There’s something about the clear blue skies and warmer weather that makes spring feel like a new beginning. That’s why spring cleaning is a thing, after all. But after a long, dreary and (probably) indulgent winter, why should our refresh be limited to home organizing? What if we took the opportunity to reset or rethink our approach to our money and finances?

Enter Vivian Tu—a.k.a. Your Rich BFF on both TikTok and Instagram, who’s also the in-house financial wellness expert for interest-free installment-payment service Afterpay. Tu started her career as a Wall Street trader. But the secret? She didn’t really know much about money. When she was 24, pivoted to tech, and soon was faced with a barrage of finance-related questions from her friends and new co-workers that she didn’t actually know how to answer. She didn’t hide from their queries, though, instead joking that she’d make a social media account where they can direct all their problems. Then, early on in the pandemic, that joke became reality, and she did the work and began making content offering financial tips to anyone who came across her account. Initially, Tu thought it would just be her friends watching her content, but the Internet had other plans and now she has over 1 million followers on TikTok and nearly 300,000 on IG who turn to her to help navigate the complicated world of money.

So, we can’t imagine anyone better to help us take stock of our financial know-how heading into a new season. First thing’s first? “Be calm and take the time to forgive yourself for winter you,” she says. “This is spring you now.”

Read on for more of Tu’s must-do money tips.

Start in your inbox 

Looking for a really simple way to rehaul your approach to spending? There’s a small step everyone can take: Unsubscribe from all the brand emails cluttering up your inbox. “If you wake up every morning and have 20 emails, do you take five minutes to unsubscribe from them or just take a minute to delete them all and then do the same thing again tomorrow?” Tu asks. Going through a mass email purge is two-fold: you get the peace-of-mind of a clean(er) inbox, plus you can say goodbye to temptation from last-minute sales you never planned on shopping in the first place.

Be mindful with your spending

When Tu is debating a purchase, she likes to fall back on a value-based spending model. So, for example, if she wants to pick up a $9 bubble tea after lunch, or a beautiful $200 dress, she asks herself: “How many hours do I have to sit at my job to pay for it?” “Doing this has really helped me figure out what I value and what I can justify—it’s like I’m trading time instead of just money,” she says. To be clear, the goal isn’t to talk yourself out of buying that boba; instead, it’s an exercise that is meant to help you get thinking about what exactly you consider “worth it” to spend money on. “Knowing what you actually care about is going to be so important in being mindful with your own money,” Tu adds.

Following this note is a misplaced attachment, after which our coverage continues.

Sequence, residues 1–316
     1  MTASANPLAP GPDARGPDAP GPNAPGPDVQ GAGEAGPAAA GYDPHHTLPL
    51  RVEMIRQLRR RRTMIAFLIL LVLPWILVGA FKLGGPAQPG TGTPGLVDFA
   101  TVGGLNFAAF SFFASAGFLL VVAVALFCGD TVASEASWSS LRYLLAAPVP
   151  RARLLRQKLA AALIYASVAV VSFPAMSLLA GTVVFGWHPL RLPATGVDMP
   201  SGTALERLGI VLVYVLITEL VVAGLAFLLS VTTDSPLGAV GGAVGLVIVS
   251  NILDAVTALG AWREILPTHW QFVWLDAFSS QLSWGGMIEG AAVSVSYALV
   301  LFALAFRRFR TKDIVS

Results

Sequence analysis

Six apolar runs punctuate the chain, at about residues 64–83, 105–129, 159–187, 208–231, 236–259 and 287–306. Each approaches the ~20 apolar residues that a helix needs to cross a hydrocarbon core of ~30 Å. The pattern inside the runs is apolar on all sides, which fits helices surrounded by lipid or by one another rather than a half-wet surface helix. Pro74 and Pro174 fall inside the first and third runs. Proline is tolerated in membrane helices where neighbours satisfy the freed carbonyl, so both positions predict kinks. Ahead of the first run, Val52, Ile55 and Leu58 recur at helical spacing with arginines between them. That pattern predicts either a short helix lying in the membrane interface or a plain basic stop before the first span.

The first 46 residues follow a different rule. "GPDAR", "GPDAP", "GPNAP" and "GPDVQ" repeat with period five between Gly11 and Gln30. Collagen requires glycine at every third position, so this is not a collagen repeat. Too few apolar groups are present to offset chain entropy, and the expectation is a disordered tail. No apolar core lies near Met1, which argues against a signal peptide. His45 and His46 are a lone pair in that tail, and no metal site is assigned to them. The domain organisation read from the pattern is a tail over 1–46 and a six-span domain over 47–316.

Start (or stick to) these habits 

Arguably the most important finance-related habit you can get into? Setting money aside for an emergency. Tu recommends leaving three to six months worth of living expenses untouched so that if, say, your car breaks down or you’ve got a leaky pipe, you hopefully won’t have to get overly stressed about the cost of the repairs.

And, as much as it sucks, you’ve got to think about debt—or, to be more specific, think about how to strategically pay it down. There’s no doubt that it’s a daunting, overwhelming task, which is why making plans will help, says Tu. She suggests starting with your highest-interest debts—on your credit card, for instance—so it doesn’t continue to compound at super fast rates.

Advocate for yourself 

“My favourite line is that you can only save as much as you earn, but you can always earn more money,” says Tu. This is an oft-over looked aspect of managing our finances, but if you’re in the position to do so, you can—and should—be advocating for yourself. Tu recommends asking for a raise every year, “not just to keep up with inflation, but to compensate you for your skills, time and effort.” Do your research ahead of time, and go into the meeting with a specific number in mind. To help your case, keep a “brag book”—a collection of triumphs and compliments you’ve achieved and received that you can use to support your ask. And finally, Tu urges you to remember that it’s a negotiation, so add 20 percent to the number you actually want to leave a little wiggle room. “You’ve got to be able to shoot for the moon and land among the stars—you don’t want to sell yourself short.”

Read more:
5 Steps to Spring Clean Your Wardrobe
Have More Time Than Money?
How To Master Your Finances